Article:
By Jen Christensen, CNN
The World Health Organization (WHO) said on Sunday it fears the war in Ukraine will worsen the Covid-19 pandemic, and it is trying to do more to limit the spread of infectious diseases.
Cases in the region are down from the previous week, but there is a significant risk of more serious illness and death due to low vaccination rates in Ukraine, as well as among the more than two million people who have fled the country to surrounding areas, areas also with low vaccination rates. Ukraine’s vaccination rate against Covid-19 is around 34%, while neighboring Moldova’s is around 29%, according to Our World In Data.
There were a total of 791,021 new Covid-19 cases and 8,012 new deaths in Ukraine and neighboring countries between March 3 and March 9, according to a WHO situation report released on Sunday.
“Unfortunately, this virus will seize opportunities to continue to spread,” said Maria Van Kerkhove, WHO’s technical lead on Covid-19, during a press briefing on Wednesday. “As an organization we recognize that countries are in very different situations; they face different challenges. There are many movements and refugees associated with this crisis.
Also on Wednesday, Dr Mike Ryan, executive director of the WHO’s health emergencies programme, said there would be an increase in Covid-19 in Ukraine, “without a doubt”. He attributed the expected increase to the lack of testing, the halt in vaccinations and a stressed and war-weary population with already low vaccination rates.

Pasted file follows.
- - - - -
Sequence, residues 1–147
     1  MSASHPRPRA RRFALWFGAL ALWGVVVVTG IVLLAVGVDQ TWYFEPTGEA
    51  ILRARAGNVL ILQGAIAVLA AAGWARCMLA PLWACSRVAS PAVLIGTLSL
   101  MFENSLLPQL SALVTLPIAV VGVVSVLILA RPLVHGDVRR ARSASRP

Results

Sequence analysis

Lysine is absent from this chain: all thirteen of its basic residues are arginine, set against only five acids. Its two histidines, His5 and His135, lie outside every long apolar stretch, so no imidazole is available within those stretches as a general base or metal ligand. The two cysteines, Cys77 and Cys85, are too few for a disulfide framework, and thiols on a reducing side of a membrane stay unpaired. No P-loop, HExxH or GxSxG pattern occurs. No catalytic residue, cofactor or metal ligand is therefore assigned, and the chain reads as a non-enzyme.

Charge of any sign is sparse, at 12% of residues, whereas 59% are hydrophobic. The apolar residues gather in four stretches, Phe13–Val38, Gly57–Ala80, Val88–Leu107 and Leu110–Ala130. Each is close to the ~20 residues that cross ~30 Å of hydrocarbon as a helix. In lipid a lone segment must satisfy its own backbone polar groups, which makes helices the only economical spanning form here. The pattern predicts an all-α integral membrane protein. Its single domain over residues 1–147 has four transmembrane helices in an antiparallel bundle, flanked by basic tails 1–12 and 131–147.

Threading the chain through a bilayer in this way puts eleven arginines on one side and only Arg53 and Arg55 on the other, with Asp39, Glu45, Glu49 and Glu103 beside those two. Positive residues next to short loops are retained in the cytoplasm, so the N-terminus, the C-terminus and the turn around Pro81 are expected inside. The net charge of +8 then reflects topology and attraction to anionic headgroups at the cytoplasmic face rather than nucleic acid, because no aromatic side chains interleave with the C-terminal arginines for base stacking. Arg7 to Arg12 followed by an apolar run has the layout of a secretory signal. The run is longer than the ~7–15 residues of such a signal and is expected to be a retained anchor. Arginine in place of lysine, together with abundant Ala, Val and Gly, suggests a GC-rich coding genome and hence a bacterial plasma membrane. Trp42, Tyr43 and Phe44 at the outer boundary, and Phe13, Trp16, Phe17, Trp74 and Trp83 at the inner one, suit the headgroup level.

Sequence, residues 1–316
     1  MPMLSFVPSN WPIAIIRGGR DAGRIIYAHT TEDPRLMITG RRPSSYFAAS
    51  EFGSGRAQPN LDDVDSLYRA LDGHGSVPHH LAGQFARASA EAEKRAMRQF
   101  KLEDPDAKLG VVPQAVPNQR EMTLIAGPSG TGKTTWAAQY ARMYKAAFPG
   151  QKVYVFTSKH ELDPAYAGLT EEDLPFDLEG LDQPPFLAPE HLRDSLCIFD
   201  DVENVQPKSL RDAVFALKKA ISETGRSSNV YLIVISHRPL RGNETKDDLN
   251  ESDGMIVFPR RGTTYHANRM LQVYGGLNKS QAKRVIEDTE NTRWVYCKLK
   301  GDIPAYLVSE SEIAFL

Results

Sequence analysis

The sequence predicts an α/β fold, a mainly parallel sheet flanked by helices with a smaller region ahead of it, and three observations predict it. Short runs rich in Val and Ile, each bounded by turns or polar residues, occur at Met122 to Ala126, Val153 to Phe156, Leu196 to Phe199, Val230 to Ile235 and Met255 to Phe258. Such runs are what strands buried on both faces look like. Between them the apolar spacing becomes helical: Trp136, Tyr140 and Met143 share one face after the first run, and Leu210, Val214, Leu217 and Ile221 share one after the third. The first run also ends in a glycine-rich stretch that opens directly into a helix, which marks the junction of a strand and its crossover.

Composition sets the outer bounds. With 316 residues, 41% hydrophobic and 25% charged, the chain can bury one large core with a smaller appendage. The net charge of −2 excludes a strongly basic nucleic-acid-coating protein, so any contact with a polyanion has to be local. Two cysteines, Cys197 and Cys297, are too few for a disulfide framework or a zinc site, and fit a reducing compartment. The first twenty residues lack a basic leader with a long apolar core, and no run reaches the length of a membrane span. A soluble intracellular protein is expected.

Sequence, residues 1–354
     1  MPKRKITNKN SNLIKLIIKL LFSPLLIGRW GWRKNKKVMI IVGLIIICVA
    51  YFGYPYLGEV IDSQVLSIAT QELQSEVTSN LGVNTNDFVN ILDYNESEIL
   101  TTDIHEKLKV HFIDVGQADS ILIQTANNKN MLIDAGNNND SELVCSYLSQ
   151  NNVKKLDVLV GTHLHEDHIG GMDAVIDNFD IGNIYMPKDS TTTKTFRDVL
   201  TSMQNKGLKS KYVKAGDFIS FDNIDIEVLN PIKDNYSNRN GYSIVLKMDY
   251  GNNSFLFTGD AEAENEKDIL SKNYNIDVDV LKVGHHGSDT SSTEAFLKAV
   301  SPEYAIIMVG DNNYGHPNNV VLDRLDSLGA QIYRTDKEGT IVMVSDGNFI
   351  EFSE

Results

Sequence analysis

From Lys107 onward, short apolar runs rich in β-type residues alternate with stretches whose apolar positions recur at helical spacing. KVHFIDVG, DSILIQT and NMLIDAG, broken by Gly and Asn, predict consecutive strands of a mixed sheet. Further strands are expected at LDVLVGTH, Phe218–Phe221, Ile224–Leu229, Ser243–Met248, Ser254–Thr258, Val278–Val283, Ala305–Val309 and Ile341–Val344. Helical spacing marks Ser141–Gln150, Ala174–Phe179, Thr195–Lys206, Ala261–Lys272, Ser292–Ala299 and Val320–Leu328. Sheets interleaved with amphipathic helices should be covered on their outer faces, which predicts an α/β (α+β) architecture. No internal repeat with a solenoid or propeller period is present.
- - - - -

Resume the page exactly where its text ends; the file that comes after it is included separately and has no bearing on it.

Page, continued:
Ryan added that the world should avoid stereotypes about refugees and the disease.
“Let’s be very careful with our rhetoric because it always comes back,” he said, “that somehow people fleeing the horrors of war are going to bring things with them. Europe has a lot of Covid as it stands, and they have to deal with it, and the Ukrainian refugees are not going to be a game changer on that.
Sunday’s report says the WHO has procured therapeutics for Covid-19 and recommends vaccination campaigns and enhanced surveillance for Covid-19 and other infectious diseases.
Hungary is providing Ukrainian refugees with free Covid-19 vaccines, and the WHO has also offered laboratory support that includes Covid-19 tests.
The Romanian Ministry of Health has sent medical teams to test and administer Covid-19 vaccines to Ukrainians who have fled their country.
Covid-19 treatment is provided free of charge in Slovakia. Vaccinations against Covid-19 are also free in Moldova for Ukrainians, with its health ministry testing and monitoring for Covid-19, among other diseases.
In a joint statement with UNICEF and UNFPA, WHO called for an end to attacks on Ukrainian health systems. As of Sunday, there had been 31 verified attacks on health facilities, and more were suspected.
“Humanitarian partners and health workers must be able to safely maintain and scale up the delivery of essential health services, including vaccination against Covid-19 and poliomyelitis, and the supply of life-saving medicines to civilians. through Ukraine as well as to refugees crossing to neighboring countries. “The WHO statement reads. “Health services should be routinely available at border crossings, including prompt care and referral processes for children and pregnant women.”
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CNN’s Jacqueline Howard contributed to this report